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Zulgad: Should another underachieving season from Wild cost Chuck Fletcher his job?

Wild owner Craig Leipold (left) and general manager Chuck Fletcher will have plenty of important decisions to make this offseason. (AP Photo/Andy King)

“Anything short of winning the Stanley Cup right now would be a disappointment.”

This is what Wild owner Craig Leipold told a group of reporters last September while conducting an interview between periods of a preseason game in his Xcel Energy Center suite.

Seven months later, one had to wonder how Leipold felt as he watched his team get shutout for a second consecutive game Friday in a 5-0 loss at Winnipeg that gave the Jets a 4-1 win in their first-round playoff series against Minnesota. It marked the third consecutive season in which the Wild have lost in the opening round.

Could the disappointment (or anger) Leipold felt result in some significant changes? It couldn’t have helped matters that the Wild put forth a pathetic performance in their Game 5, while the Philadelphia Flyers and Colorado Avalanche both were able to avoid elimination by beating Pittsburgh and Nashville, respectively.

Leipold could attempt to blame this playoff exit on the fact that $98 million defenseman Ryan Suter was lost to a broken ankle late in the regular season and $98 million winger Zach Parise suffered a fractured sternum in the Wild’s victory in Game 3 of this series. That, however, would be ignoring the fact that while the Wild have made the playoffs each season since Parise and Suter signed 13-year contracts, they have yet to get past the second round in those six playoff appearances.

The first thing Leipold must do is decide if he wants to retain general manager Chuck Fletcher, who has been in the position since May 2009 and worked this season in the final year of his contract. The Wild have appeared in eight playoff series with Fletcher in charge, winning only two and losing 29 of 44 games.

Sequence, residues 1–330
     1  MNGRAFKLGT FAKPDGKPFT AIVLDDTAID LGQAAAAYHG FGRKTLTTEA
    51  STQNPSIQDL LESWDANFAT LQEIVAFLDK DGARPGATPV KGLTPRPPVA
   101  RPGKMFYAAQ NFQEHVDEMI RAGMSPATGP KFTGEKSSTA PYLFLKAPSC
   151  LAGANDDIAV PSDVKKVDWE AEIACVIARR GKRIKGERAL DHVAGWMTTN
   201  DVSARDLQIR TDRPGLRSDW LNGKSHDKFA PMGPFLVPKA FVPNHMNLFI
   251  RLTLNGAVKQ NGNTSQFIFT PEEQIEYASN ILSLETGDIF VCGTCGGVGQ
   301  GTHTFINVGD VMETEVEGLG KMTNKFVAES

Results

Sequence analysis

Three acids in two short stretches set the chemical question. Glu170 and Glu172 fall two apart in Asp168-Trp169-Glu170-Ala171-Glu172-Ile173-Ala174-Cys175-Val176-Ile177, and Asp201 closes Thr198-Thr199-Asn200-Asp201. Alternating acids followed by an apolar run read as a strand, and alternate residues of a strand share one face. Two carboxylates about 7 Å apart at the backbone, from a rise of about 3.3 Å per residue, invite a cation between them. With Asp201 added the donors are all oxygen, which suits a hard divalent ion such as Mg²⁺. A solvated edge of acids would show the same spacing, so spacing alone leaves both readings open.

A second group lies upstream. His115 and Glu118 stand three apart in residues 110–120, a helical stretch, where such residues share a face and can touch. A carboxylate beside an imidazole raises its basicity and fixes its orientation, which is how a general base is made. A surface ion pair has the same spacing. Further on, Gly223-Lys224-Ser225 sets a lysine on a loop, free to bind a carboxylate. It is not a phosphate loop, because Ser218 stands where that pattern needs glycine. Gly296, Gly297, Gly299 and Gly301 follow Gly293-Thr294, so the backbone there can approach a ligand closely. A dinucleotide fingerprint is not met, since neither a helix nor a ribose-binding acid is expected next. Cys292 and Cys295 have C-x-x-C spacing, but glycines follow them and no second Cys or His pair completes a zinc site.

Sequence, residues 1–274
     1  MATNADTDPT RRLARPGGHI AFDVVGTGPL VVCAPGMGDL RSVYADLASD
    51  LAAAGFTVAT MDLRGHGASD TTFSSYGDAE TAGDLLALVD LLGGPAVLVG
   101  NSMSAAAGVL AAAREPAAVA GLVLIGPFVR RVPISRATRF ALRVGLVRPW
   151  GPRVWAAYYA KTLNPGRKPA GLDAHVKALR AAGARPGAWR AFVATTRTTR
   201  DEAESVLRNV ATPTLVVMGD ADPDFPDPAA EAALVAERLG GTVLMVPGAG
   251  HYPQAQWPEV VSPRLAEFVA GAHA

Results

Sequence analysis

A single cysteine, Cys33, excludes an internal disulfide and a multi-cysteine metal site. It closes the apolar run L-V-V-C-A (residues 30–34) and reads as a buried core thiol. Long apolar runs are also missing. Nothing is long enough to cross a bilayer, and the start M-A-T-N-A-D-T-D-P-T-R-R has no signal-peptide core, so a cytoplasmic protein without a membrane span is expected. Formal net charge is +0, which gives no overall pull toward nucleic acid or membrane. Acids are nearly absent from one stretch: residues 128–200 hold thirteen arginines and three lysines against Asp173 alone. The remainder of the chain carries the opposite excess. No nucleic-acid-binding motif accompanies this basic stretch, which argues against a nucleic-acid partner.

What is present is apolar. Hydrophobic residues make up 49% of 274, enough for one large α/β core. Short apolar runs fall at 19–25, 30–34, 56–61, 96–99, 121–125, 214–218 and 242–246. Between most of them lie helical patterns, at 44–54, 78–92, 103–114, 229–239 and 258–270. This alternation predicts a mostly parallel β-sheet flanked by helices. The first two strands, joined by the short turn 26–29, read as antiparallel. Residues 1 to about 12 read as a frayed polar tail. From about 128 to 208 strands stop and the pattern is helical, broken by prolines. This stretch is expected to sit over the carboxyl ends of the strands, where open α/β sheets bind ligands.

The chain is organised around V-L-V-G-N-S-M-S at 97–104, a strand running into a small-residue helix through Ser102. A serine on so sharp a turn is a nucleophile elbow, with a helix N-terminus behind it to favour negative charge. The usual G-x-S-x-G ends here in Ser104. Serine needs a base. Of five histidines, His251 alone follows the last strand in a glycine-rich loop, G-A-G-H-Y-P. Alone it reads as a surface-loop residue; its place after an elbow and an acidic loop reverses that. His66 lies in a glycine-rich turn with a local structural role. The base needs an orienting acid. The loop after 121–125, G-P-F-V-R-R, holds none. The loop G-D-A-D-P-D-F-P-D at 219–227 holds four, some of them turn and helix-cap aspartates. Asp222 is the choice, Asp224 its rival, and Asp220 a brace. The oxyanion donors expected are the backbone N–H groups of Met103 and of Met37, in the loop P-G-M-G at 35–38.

While Fletcher likely will try to sell Leipold on the fact that things would have been different this season if Parise and Suter were healthy in the playoffs, the owner has to know that time has run out for those two to be capable of carrying the Wild to a Stanley Cup. That was the plan when they signed on July 4, 2012 and it has fallen far short.

Where Fletcher must accept blame, and what could cost him his job, is that the supporting cast he was supposed to build around Parise and Suter simply hasn’t been good enough.

When the Wild upset the Colorado Avalanche in seven games in the first round of the 2014 playoffs, the expectation was that youngsters like Mikael Granlund, Erik Haula, Charlie Coyle, Nino Niederreiter and Jason Zucker (who was hurt at the time) would soon develop into the type of players who could help Parise and Suter hoist a Stanley Cup.

That didn’t happen.

Haula was lost to the Vegas Golden Knights in the expansion draft last offseason – he finished second on the team with 29 goals and fifth with 55 points in 76 games this season – and scored a key overtime goal in Vegas’ four-game sweep of the Kings in the opening round. Meanwhile, Granlund had a goal and two assists against the Jets, while Coyle, Niederreiter and Zucker combined for no points in the series.